Villain

A villain (also known in film and literature as the "antagonist," "baddie", "bad guy", "black hat", or "heavy") is an "evil" character in a story, whether a historical narrative or, especially, a work of fiction. The villain usually is the antagonist (though can be the protagonist), the character who tends to have a negative effect on other characters. A female villain is sometimes called a villainess (often to differentiate her from a male villain). Random House Unabridged Dictionary defines villain as "a cruelly malicious person who is involved in or devoted to wickedness or crime; scoundrel; or a character in a play, novel, or the like, who constitutes an important evil agency in the plot".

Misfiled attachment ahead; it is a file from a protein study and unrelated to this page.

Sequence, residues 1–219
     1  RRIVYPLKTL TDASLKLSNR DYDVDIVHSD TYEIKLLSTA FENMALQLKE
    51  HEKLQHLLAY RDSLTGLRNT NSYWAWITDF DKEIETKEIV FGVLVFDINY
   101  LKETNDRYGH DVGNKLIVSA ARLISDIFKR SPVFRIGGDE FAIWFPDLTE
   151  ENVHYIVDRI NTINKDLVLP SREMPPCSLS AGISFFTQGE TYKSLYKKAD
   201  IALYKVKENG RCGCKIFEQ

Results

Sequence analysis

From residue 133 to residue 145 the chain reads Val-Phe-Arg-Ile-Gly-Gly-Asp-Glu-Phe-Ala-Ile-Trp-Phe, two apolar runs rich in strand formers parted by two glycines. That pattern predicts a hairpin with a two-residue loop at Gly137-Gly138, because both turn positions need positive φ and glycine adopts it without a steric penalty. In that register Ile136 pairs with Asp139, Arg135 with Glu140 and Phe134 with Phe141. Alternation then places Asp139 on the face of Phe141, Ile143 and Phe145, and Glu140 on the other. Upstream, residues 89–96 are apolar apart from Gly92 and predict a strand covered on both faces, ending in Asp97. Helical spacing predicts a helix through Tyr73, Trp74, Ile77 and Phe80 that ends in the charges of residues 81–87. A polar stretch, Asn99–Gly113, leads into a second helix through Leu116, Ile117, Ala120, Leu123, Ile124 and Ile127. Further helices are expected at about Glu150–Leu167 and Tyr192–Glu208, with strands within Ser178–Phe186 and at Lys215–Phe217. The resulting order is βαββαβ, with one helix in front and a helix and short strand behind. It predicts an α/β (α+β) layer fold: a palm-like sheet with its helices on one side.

Read more about Villain:  Etymology, Folk and Fairy Tales, Villainous Foil, Portraying and Employing Villains in Fiction

Famous quotes containing the word villain:

    The tragic hero prefers death to prudence. The comedian prefers playing tricks to winning. Only the villain really plays to win.
    Mason Cooley (b. 1927)

    A villain must be a thing of power, handled with delicacy and grace. He must be wicked enough to excite our aversion, strong enough to arouse our fear, human enough to awaken some transient gleam of sympathy. We must triumph in his downfall, yet not barbarously nor with contempt, and the close of his career must be in harmony with all its previous development.
    Agnes Repplier (1858–1950)